The Cartier Women’s Initiative, currently in its 15th year, not only celebrates women who drive change and empowerment through their businesses, but also provides fellowship and a nurturing environment for growth. Mavis Teo reports.
“When women thrive, humanity thrives.” These are the much-quoted words of Cartier International’s president and CEO Cyrille Vigneron, who regularly speaks passionately about the Cartier Women’s Initiative (CWI), an international entrepreneurship programme founded by the luxury brand.
CWI began in 2006 as a one-time programme with partners like the Women’s Forum for the Economy and Society, McKinsey & Company and Insead Business School. The event recognised the leaders of women-run and women-owned businesses from any country and sector who aimed to drive a strong and sustainable social and environmental change – which are some of the United Nations’ Sustainable Development Goals.
Fast forward to 2022, and CWI has just celebrated its 15th anniversary with the first laureates honoured in 2007. Despite the pandemic, Cartier didn’t cancel what has evolved to become a permanent annual programme to support and uplift female impact entrepreneurs. Instead, the French maison moved the ceremony online. Since its inception, 262 women changemakers from 62 countries have been recognised by the initiative. Altogether, they received over US$6.4 million in grants.
In addition to the awards programme, which recognises 24 talented global women impact entrepreneurs who are fielding businesses with a mission to improve humankind, there is also a fellowship component that provides tailored human capital support to the finalists in each category. They include Preserving the Planet, Improving Lives and Creating Opportunities.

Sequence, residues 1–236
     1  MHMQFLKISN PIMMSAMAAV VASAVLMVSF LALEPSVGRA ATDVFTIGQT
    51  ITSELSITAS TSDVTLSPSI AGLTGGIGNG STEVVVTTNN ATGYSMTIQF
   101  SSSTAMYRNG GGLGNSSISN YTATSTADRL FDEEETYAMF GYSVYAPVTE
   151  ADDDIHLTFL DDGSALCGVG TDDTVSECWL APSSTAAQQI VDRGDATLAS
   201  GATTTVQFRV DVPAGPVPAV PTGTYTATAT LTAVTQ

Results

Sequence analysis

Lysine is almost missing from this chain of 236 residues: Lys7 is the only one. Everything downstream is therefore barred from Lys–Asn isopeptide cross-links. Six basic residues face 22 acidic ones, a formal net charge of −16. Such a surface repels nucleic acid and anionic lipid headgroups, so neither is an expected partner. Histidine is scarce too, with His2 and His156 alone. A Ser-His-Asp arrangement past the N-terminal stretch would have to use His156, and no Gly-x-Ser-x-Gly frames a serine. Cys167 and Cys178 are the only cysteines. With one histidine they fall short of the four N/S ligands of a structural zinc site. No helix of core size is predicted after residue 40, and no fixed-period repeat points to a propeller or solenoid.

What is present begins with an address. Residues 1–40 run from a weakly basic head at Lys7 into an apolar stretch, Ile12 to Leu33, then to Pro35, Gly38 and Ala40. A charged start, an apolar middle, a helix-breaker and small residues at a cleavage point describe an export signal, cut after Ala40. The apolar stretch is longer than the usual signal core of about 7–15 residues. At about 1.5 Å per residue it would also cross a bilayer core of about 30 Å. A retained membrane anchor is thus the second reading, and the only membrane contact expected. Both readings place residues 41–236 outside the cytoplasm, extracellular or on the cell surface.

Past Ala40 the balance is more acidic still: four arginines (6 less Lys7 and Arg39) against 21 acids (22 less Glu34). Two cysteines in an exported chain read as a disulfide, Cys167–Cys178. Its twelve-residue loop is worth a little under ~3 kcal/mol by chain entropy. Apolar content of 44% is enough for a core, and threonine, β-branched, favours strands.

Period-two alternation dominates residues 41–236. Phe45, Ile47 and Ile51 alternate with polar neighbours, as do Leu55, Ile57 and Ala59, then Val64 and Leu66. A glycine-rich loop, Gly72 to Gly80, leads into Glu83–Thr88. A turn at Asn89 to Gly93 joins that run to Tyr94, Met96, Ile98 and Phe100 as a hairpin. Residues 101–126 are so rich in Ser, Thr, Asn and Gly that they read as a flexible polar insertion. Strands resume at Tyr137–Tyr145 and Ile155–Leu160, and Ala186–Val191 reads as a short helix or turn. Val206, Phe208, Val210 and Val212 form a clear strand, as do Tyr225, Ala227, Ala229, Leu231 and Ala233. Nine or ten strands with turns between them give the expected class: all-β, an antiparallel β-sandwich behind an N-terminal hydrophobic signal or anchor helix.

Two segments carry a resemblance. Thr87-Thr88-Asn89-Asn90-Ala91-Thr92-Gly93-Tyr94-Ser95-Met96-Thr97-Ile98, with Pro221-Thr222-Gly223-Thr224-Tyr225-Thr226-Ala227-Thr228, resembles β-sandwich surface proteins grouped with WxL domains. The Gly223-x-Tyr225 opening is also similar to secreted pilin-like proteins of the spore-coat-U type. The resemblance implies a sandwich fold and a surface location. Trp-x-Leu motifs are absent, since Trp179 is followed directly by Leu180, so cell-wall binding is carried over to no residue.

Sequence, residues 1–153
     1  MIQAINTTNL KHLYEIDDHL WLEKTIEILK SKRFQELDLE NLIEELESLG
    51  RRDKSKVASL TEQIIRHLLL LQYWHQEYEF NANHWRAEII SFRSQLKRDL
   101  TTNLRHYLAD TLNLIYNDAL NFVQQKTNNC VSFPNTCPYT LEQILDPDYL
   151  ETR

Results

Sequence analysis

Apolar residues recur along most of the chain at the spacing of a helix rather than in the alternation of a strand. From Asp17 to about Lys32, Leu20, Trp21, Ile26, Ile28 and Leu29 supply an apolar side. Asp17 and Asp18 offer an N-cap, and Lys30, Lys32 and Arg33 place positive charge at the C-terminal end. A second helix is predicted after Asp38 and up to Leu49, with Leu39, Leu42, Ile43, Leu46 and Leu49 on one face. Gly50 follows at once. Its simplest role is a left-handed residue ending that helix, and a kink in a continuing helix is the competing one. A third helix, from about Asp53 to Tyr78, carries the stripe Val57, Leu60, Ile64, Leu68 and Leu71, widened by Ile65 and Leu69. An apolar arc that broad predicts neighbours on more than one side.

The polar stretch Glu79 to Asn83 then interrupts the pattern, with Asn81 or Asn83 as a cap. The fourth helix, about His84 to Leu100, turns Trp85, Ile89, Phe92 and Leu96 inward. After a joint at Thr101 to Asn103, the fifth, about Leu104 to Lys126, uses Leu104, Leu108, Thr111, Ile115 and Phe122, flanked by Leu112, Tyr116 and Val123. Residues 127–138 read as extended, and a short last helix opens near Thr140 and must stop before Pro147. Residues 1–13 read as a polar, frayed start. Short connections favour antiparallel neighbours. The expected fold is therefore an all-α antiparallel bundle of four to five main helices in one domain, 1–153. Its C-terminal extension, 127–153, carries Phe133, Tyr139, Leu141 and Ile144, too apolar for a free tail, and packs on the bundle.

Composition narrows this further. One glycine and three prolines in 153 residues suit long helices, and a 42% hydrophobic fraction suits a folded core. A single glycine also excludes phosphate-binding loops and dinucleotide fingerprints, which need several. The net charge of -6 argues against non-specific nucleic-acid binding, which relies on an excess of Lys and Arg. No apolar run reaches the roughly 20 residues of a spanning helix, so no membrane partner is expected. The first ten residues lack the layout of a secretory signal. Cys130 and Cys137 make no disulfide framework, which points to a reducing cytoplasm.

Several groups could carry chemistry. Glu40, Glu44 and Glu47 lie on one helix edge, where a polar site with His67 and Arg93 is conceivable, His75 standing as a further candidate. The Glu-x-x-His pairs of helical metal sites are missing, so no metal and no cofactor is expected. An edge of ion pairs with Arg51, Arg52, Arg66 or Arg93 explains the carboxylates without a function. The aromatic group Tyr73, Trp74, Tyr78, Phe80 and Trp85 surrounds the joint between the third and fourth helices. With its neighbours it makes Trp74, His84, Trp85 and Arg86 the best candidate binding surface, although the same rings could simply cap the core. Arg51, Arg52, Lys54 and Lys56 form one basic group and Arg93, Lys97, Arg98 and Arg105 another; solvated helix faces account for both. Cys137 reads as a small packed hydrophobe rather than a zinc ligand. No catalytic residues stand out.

In essence, the CWI is also a support network that gives participants lifelong access to other like-minded peers, creating more opportunities for them to improve and grow. In other words, it provides a nurturing community and much-appreciated fellowship.
This successful endeavour was celebrated over three days this year starting from March 6 in Dubai. The event is titled Cartier Women’s Initiative World Reunion to celebrate the initiative’s 15 years of achievements. The reunion paid tribute to past awardees and commemorated milestones reached thus far, as no new applications were accepted for 2022. And it opened with the appropriate fanfare for what is one of the maison’s flagship CSR events – an orchestra at the Dubai Opera House played a medley of masterpieces led by Italian-Brazilian conductor Simone Menezes.
In Dubai, the spotlight was trained on nine former CWI fellows who have continued to make far-reaching impact on the communities they serve, even long after receiving the accolades. These amazing ladies were honoured with Impact Awards in various categories. During the ceremony, Vigneron said, “During all these years, this initiative has brought together a community of passionate social entrepreneurs, who have developed successful business models improving lives around them. This community is a constant source of awe and inspiration.”
On March 8, to cap the third day of the reunion, which also falls on International Women’s Day, Cartier reaffirmed its commitment towards supporting women impact entrepreneurship with another event – the inaugural Speaker Series – at National Gallery Singapore, where over 70 entrepreneurs, partners and ecosystem enablers attended in person.